New families, old stories: Media analysis of kinship and adoption in American media
Name: Mary Ebeling (firstname.lastname@example.org; 215-895-6145)
Department: Culture and Communication
Academic Area: Sociology
Title: New families, old stories: Media analysis of kinship and adoption in American media
This project examines American popular news, entertainment and social media depictions of adoption: adopted children and their birth families, adopted parents, and extended families. As people build families and new kinds of kinship models through adoption, these families have become more common or at least more visible in American media (think of all of the stories of celebrities adopting children or recent films such as Mother and Child (2010). How has media depictions of the adoption triad (child, birth parents and adoptive parents) changed over the past five years? Through a broad and expansive collection of recent depictions of the adoption relationship in film, television and social (online) media, this project will examine how adoption is handled in both news and popular media as well as how bloggers discuss and understand the issues around adoption.
Associated Independent Study:
The CoAS Humanities Research Fellow will have the opportunity to construct their own independent study alongside the research support they will provide to the project. The fellow will help to construct a literature review and help with data collection and analysis. They will find and help analyze media that depicts adoption, adopted families, birth parents, international adoption, same-sex couple adoption, and the adoption of at-risk or special needs children within a content analytical framework. The fellow, in consultation with me, will have the opportunity to develop his or her own research based on this project, if the fellow finds a particular aspect of adoption in popular media particularly interesting. Ideas for independent study include: What are the differences in media narratives about same-sex families who adopt children and straight families who adopt? How are identities of adopted children constructed through media coverage of international adoption? How does American media coverage of open adoption shape the public debate about the level of openness in adoption?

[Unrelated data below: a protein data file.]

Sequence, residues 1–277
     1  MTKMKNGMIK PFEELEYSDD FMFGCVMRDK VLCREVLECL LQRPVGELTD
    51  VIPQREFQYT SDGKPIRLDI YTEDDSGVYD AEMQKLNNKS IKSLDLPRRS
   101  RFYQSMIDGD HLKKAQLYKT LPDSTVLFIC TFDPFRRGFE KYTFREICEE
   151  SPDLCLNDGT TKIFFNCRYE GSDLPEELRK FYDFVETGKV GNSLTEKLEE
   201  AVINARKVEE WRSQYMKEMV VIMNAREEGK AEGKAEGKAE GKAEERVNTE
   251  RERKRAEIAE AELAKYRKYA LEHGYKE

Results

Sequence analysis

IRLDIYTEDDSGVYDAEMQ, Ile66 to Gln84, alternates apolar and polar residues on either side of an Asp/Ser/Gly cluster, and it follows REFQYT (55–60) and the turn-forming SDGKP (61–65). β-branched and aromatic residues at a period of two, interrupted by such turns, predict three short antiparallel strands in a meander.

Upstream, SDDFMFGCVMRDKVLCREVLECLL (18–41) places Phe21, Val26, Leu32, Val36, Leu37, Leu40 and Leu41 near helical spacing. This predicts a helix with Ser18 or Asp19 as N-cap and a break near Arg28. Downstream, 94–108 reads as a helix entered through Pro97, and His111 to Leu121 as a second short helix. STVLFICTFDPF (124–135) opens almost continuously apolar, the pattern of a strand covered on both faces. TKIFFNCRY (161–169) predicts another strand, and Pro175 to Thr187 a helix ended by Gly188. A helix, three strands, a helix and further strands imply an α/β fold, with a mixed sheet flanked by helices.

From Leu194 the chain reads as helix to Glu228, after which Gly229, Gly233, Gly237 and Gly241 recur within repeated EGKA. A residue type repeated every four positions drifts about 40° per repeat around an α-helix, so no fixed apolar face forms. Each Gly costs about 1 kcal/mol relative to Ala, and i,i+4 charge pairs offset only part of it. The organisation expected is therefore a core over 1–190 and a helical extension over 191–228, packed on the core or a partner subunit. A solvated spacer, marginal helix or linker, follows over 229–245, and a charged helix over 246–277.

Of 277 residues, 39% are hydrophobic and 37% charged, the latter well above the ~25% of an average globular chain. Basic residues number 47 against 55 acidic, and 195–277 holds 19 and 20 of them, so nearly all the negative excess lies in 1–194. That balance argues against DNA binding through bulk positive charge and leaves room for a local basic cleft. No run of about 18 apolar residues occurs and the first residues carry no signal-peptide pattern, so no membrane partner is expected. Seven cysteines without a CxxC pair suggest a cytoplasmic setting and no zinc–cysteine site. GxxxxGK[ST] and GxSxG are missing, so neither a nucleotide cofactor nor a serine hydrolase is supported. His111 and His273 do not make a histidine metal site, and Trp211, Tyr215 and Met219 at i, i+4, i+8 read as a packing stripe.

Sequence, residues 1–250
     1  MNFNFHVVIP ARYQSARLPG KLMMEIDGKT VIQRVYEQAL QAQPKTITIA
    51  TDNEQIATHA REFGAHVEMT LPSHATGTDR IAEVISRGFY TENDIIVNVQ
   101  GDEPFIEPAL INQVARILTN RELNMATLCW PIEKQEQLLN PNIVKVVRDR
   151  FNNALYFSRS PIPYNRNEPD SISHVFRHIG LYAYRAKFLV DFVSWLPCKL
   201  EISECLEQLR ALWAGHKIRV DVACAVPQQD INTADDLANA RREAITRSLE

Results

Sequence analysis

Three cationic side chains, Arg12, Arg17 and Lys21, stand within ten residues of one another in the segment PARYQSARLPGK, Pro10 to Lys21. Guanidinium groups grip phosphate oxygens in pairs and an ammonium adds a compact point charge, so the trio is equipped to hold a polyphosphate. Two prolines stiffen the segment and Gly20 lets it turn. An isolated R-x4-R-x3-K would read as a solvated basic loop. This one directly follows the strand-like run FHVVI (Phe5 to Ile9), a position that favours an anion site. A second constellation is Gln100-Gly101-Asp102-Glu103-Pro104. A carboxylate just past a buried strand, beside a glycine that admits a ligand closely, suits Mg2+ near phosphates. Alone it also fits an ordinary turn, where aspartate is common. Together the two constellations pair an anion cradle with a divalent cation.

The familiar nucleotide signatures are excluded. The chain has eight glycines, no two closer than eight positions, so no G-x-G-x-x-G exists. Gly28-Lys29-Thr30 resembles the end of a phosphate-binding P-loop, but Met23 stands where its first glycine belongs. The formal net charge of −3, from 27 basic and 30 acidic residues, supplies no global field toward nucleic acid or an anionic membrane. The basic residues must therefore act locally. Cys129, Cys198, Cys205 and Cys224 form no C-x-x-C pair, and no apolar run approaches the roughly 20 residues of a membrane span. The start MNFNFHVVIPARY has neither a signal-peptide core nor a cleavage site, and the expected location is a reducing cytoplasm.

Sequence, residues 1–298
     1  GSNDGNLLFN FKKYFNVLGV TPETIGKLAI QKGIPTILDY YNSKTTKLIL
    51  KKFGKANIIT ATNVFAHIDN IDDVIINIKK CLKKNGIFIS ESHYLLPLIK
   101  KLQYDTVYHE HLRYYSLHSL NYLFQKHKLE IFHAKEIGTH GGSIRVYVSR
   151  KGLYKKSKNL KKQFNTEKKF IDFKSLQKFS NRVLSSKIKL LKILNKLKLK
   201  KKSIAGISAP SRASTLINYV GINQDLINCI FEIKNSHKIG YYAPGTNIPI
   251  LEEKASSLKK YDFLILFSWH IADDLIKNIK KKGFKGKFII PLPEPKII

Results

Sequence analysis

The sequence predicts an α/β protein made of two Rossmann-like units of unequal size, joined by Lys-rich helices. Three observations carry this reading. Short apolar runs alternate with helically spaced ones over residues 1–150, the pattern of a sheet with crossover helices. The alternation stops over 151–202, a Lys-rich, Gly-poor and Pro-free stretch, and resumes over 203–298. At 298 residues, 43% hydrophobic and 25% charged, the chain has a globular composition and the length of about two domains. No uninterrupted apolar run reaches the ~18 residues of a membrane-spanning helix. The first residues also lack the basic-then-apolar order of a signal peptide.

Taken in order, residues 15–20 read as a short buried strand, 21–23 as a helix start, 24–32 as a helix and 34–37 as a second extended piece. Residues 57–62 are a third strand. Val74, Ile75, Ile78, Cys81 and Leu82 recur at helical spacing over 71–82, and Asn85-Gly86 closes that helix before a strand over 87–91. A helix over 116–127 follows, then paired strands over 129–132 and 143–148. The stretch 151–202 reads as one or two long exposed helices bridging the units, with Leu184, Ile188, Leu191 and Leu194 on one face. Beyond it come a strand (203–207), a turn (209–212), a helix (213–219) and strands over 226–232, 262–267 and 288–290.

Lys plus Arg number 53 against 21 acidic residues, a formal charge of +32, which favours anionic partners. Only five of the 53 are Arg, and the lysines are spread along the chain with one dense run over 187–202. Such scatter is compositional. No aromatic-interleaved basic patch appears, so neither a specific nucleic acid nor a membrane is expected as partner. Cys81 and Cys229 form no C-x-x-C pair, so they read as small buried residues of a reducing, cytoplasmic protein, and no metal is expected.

The research fellow will gain skills in reviewing and writing academic texts, they will learn how to critically analyze popular media and write analytically about the media. The fellow will also learn how to collect and organize media-based data as well as use qualitative analysis software, such as Nvivo or Qualrus. These skills will translate to other areas of the fellow's academic career.
Two articles. One will be published with the Evan B. Donaldson Adoption Institute as a white paper; the other will be submitted as a scholarly journal article, most likely to a journal that specializes in either media studies or in family studies.
Searching for and review key literature relevant to the research question. Finding, watching and annotation of films, television shows and other visual media that depicts adoption. Collecting and support in analysis of news stories and social media (i.e. "Mommy Blogs") that depict or address adoption. Support in data analysis of all collected data.
The project will take place primarily on the main campus of Drexel University...the fellow, with prior agreement with me, can conduct the research in an appropriate venue, either at the Hagerty Library and/or at my office in the PSA building (33rd & Powelton). The literature review can be conducted independently, with guidance, and as can some of the media analysis.
While it is expected that the fellow will work on the project fulltime during the summer quarter, meetings with the fellow will occur once to twice a week, for progress reports and guidance. A full workday, where the fellow and I will work together will be scheduled for each week of the summer quarter, so the fellow will be working on the project approximately 20 hours per week.
April 16, Apil 17, April 18